The word is out on REITs. These investments aren't as desirable for your taxable brokerage-firm accounts anymore because of the income tax repercussions. (They're fine for tax-advantaged retirement accounts.) But the word on the street doesn't give you the whole picture.
Strategy: Don't dismiss REITs out of hand. They aren't as tax-disadvantaged as they might initially seem.
What exactly is a REIT (rhymes with "feet")? Short for Real Estate Investment Trust, a REIT is essentially a corporation that invests in real estate properties, much in the same way a mutual fund invests in stocks. And, like a mutual fund, a professional
You can choose from three REIT flavors:
1. Equity REITs invest primarily in income-producing properties. Most of their income is derived from rentals and the property's eventual sale. Equity REITs may concentrate on a particular type of property or a specific geographic area.
2. Mortgage REITs lend money to real estate developers and owners. This financing is the main source of its income.
3. Hybrid REITs combine the elements of both. So, hybrid REITs can take an equity position in the properties that they have financed.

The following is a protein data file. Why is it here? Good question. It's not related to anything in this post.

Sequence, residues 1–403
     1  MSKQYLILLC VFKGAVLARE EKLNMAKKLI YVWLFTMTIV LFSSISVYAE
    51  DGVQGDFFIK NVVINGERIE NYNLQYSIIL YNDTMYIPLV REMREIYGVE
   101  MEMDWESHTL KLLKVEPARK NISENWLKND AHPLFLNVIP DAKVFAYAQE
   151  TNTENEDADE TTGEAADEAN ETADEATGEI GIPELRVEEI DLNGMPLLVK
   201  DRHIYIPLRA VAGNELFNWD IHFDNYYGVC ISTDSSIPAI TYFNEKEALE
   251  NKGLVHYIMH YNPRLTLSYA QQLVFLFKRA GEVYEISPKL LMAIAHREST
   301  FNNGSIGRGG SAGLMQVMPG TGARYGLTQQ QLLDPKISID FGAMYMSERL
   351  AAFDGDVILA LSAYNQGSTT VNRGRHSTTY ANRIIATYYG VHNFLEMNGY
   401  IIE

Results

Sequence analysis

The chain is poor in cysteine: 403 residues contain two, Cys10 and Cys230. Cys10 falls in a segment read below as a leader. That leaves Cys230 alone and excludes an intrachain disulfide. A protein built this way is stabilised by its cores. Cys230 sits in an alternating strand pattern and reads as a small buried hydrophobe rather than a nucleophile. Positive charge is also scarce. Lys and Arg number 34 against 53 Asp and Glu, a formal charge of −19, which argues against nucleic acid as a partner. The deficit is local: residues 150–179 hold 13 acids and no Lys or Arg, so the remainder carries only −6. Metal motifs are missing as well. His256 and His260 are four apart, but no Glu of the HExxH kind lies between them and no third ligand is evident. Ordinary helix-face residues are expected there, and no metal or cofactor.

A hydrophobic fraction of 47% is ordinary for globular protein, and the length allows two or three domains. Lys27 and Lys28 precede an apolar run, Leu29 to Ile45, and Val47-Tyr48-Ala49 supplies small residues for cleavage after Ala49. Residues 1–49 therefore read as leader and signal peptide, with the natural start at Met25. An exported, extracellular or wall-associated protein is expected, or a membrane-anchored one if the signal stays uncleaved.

What's the tax problem with REITs? Unlike other corporations, a REIT doesn't have to pay any federal income tax at the entity level if at least 95 percent of its net annual earnings are paid out in dividends. That can give REITs a decided edge over comparable investments. But this advantage turns into a liability when distributions are made to shareholders.
Reason: Thanks to a 2003 tax change, garden-variety dividends are generally taxed at a maximum 15 percent federal rate, just like capital gains. But most REIT dividends don't qualify for the favorable 15 percent rate.
In other words, most REIT dividends are taxed at ordinary income rates that can reach 35 percent!
Good news: Not all REIT payouts are high taxed. In fact, 37 percent of the distributions paid out by REITs in 2004 represent low-taxed capital gain or nontaxable distributions, according to a National Association of Real Estate Investment Trusts (NAREIT) study. That's way up from a decade ago, when just 17 percent of REIT payouts fell into these tax-favored categories.
Remember, tax-rate considerations don't matter for REIT shares you hold in a tax-advantaged account (401(k), Keogh, SEP, variable annuity, etc.).
Here are some REITs that paid out income in 2004 with tax rates lower than ordinary income rates:
• Affordable Residential Communities: www.aboutarc.com
• AvalonBay Communities: www.avalonbay.com
• Duke Realty: www.dukereit.com
• The Town and Country Trust: www.tctrust.com
Source: NAREIT, www.nareit.org
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